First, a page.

[ESPNcricinfo] Sunil Narine, Andre Russell, Kieron Pollard and Darren Bravo have opted to skip the World Cup Qualifiers in March to play in the Pakistan Super League. The development was revealed by Cricket West Indies, which released the 15-man squad for the qualifiers scheduled to be played in Zimbabwe from March 4 to 25.
Ten teams will contest the qualifiers with two going through to join the top eight-ranked nations for the 2019 World Cup, to be played in England from May 30 to July 14.
Jason Holder will lead the West Indies squad which, chairman of selectors Courtney Browne said had the right mix of “experience and youth.” Chris Gayle and Marlon Samuels are two senior-most members of the 15-man squad, which also sees the return of allrounder Carlos Brathwaite, fast bowler Kemar Roach and legspinner Devendra Bishoo from the group that played in the ODI series in New Zealand, which West Indies lost 3-0.
Holder had said recently that West Indies would treat every match as a “must-win” game, keeping in mind the “magnitude” of what was at stake for them. Critics then are bound to question if this is the best ODI squad to represent West Indies solely because some of the best limited-overs players – Narine, Pollard and Russell – are not part of the squad.
Browne stated all four players said their “priority” was to play in the PSL, which runs parallel to and beyond the qualifiers. The PSL, in its third year, will be played from February 22 to March 25. “We contacted some of our well-known senior cricketers to ascertain their availability for the tournament and we are pleased that Chris Gayle and Marlon Samuels have indicated their full support and commitment to the cause,” Browne said in a media release. “Kieron Pollard, Sunil Narine, Darren Bravo and Andre Russell, however, indicated that they were unavailable to help us qualify as their priority was playing in the Pakistan Super League.”
The West Indies squad will depart for Zimbabwe on February 16, about 10 days before playing two warm-up matches before the league phase of the qualifiers commences. According to Johnny Grave, the CWI chief executive officer, between Browne, Jimmy Adams, West Indies’ director of cricket, and himself, the three had discussions with the four players in the recent weeks.
“Their positions were clear that they were unable to help us qualify and they are all committed to participate in the PSL,” Grave told ESPNcricinfo. “We understand and respect the players’ decisions. We are hugely disappointed that they have not made themselves available to help the West Indies qualify for the World Cup.”
All four players are part of the set of high-profile players who were not offered contracts by CWI. The set includes Gayle, Narine, Russell, Pollard, Bravo, Samuels, Samuel Badree and Darren Sammy. Grave had recently pointed out that these players were not being offered the white-ball contracts which were meant for players featuring in both ODI and T20 teams. He also said that the players would need to play some 50-over games in the domestic Super50 Cup, which begins soon, in order to warrant selection to the ODI side.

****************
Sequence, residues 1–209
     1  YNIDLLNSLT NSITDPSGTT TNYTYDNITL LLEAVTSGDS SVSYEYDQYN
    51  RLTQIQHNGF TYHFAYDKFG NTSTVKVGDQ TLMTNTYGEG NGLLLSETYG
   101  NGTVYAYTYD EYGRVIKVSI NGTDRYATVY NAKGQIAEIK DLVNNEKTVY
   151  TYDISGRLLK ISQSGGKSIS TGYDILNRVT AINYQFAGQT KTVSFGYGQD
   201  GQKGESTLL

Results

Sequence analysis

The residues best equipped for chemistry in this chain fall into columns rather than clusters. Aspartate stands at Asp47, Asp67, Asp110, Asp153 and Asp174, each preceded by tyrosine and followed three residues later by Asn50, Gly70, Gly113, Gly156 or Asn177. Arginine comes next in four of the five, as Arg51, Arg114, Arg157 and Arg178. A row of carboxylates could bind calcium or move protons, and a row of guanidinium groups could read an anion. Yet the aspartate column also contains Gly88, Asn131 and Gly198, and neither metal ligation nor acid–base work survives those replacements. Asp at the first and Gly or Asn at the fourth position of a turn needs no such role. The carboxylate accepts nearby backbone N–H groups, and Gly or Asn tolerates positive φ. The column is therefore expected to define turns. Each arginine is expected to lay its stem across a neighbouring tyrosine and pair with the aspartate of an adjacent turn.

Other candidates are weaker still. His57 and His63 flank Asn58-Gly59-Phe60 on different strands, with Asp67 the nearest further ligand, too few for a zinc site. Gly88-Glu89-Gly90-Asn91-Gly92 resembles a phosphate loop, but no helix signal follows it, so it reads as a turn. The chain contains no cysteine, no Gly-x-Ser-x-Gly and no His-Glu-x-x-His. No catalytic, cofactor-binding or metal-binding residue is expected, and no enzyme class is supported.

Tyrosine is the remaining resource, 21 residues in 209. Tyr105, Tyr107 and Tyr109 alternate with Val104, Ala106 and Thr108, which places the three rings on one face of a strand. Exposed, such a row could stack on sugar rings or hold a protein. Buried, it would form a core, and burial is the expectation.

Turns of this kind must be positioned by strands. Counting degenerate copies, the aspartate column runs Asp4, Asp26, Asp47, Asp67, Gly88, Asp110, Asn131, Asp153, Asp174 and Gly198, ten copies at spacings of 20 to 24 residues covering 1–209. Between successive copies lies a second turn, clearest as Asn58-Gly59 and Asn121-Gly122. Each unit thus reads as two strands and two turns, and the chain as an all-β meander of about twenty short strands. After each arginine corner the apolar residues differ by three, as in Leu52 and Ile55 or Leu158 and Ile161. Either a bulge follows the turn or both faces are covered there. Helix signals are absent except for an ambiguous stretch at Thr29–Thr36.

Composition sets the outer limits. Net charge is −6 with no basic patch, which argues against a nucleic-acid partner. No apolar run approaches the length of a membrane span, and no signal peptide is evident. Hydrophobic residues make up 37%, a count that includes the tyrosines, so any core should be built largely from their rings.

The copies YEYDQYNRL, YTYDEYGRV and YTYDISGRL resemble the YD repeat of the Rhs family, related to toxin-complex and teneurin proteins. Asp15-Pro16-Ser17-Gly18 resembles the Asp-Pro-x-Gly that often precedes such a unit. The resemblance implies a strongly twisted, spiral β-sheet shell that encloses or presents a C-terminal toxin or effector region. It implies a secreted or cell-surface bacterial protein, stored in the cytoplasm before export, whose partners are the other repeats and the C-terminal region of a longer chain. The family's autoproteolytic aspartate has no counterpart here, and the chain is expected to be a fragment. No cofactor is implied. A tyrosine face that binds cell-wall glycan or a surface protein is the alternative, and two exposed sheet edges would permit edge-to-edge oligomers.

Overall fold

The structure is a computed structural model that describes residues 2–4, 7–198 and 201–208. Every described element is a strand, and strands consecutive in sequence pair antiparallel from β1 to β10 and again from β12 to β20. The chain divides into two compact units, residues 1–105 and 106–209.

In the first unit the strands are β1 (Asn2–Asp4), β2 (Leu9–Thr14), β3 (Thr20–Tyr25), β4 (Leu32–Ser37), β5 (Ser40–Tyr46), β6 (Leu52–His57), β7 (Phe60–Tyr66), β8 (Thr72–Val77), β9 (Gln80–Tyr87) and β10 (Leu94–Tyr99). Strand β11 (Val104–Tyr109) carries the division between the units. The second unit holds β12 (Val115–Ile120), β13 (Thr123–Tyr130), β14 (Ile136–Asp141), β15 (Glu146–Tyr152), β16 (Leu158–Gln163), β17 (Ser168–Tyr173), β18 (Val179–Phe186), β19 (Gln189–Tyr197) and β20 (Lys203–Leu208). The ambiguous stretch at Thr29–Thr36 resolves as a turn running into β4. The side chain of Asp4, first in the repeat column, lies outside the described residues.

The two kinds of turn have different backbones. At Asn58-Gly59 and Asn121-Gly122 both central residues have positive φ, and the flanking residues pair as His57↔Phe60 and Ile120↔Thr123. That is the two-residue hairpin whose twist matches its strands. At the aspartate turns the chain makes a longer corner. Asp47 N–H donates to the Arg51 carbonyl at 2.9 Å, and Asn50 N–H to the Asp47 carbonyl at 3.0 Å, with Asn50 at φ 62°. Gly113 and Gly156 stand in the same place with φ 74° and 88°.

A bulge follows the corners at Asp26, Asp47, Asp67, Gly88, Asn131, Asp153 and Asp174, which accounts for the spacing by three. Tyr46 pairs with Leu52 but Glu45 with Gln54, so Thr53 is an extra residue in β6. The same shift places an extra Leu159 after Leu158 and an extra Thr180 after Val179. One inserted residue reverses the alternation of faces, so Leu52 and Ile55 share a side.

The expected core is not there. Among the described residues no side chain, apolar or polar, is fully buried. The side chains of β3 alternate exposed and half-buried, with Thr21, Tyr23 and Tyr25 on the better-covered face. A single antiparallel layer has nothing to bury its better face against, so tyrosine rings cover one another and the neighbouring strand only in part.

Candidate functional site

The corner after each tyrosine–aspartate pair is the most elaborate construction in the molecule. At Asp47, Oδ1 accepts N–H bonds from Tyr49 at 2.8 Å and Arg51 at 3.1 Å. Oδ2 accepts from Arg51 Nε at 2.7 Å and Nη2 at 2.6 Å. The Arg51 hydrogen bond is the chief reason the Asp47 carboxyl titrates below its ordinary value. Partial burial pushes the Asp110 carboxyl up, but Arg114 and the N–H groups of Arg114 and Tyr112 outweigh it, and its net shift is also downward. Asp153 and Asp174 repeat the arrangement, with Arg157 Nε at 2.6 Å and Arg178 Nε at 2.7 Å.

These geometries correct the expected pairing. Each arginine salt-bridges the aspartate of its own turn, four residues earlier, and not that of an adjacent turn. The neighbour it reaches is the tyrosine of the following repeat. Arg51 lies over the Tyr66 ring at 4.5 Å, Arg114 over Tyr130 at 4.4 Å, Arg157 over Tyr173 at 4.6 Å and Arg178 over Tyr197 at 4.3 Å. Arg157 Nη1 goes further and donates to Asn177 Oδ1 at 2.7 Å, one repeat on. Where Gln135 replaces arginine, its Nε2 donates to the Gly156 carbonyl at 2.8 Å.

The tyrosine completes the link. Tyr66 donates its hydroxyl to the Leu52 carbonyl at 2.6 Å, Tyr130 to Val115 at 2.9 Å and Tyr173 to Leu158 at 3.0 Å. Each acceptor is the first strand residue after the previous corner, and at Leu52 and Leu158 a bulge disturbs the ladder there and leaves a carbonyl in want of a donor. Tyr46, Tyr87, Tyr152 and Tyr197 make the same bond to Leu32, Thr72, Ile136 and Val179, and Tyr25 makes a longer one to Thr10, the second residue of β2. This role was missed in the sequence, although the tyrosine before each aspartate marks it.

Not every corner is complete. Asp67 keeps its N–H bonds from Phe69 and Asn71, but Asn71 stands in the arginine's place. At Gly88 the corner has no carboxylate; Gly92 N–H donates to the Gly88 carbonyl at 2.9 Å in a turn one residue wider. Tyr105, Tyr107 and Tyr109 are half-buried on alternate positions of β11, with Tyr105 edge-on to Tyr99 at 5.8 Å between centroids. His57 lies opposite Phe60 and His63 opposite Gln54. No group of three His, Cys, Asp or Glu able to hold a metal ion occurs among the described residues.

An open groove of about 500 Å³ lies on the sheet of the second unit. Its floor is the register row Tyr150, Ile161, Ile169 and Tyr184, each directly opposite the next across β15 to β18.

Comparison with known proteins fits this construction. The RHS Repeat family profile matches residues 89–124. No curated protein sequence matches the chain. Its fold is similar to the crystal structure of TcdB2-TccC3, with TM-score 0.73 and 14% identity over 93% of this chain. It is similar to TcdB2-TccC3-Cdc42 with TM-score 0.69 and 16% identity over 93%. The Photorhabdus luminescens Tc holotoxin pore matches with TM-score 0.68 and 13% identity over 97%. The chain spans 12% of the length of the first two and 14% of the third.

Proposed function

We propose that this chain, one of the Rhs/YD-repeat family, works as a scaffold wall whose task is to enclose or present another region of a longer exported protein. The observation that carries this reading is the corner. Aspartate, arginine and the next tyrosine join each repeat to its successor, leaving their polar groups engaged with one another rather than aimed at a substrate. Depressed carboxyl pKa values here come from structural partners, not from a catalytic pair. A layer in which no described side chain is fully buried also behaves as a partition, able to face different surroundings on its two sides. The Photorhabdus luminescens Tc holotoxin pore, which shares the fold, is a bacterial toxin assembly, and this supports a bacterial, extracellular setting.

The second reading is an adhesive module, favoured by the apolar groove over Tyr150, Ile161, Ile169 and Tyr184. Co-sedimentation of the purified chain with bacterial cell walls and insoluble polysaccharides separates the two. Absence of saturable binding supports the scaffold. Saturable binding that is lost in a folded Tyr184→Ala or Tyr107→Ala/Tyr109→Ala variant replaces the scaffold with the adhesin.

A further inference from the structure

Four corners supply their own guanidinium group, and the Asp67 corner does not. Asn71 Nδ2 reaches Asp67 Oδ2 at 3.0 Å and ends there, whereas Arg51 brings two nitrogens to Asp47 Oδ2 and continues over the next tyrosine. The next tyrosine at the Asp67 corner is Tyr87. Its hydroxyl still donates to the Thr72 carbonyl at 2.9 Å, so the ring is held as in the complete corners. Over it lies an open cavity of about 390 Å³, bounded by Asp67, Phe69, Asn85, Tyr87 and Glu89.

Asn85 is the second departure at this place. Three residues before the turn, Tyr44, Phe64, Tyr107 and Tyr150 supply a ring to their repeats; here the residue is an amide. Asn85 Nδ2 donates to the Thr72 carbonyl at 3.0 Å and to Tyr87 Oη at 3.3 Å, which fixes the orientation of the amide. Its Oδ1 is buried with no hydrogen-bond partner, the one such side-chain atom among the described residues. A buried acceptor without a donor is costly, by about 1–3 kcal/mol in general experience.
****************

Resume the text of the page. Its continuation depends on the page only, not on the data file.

Whether the implication of not having a contract was a reason behind the four players opting out could not be ascertained. It is, however, understood that during the conversations with CWI, Russell and Narine stated that they just wanted some time to work on their individual games before returning to play for West Indies. Both players are understood to have committed to play in the limited-overs formats soon.
Grave confirmed that Russell, whose one-year doping ban ends on January 31, will feature in the league phase of Super50 after he was picked in the Jamaica squad this week. Also playing the group stages of the Super50 would be Gayle, Samuels and Narine.
Russell has not played an ODI since November 2015. His last international match was a T20 against India in August 2016. In his time away from West Indies and, before the ban, Russell was busy playing various T20 leagues overseas, where he is one of the most sought-after players. In his discussions with the CWI officials, Russell expressed his desire to return to play ODIs, but wanted to regain his confidence playing in the 50-over format. The selectors and CWI accepted his reasoning and supported his move to play the Super50.
Recently, Russell and Narine were two players retained by Kolkata Knight Riders ahead of the IPL auction. Russell is expected to be part of the West Indies A tour to England, which follows the IPL, where he is expected to test himself as well as allow the selectors to assess his performances before the series against Bangladesh in the summer.
Narine, who has not played ODIs since October 2016, informed CWI that he is not yet confident about his bowling action completely. Narine has been working with a specialist coach, Carl Crowe, on his bowling action over the past few years and has asked for a bit more time, which Grave said he could understand.
The case of Pollard and Bravo is not so straightforward, though. Pollard, who is currently playing the Big Bash League and became the first to play 400 T20s, has also not played ODIs since October 2016. In December, Pollard pulled out on the eve of the T20 series in New Zealand, citing “personal reasons”. When the selectors checked with him about his availability for the World Cup Qualifiers, he said he was not available.
The Bravo case is intriguing along similar lines. Despite agreeing to a truce with CWI last year, Bravo has not played for West Indies recently. He opted out of the England tour last year, saying he wanted to play in the CPL. He then declined to be part of the New Zealand tour wanting to play in the Bangladesh Premier League. And now, he has picked the PSL over the qualifiers. “It is his decision. It is his career, but I am disappointed,” Grave said.